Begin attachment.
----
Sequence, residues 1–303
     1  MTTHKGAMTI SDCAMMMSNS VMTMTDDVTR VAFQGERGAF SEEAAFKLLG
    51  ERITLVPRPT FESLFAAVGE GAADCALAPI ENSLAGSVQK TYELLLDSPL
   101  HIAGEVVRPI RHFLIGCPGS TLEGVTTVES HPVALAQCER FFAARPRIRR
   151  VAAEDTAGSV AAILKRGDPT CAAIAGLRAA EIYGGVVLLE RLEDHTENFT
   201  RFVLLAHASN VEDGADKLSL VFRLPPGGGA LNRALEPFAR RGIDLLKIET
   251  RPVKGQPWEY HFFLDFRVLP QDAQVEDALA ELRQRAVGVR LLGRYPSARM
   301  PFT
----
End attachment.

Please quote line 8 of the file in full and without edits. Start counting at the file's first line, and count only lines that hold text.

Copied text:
   301  PFT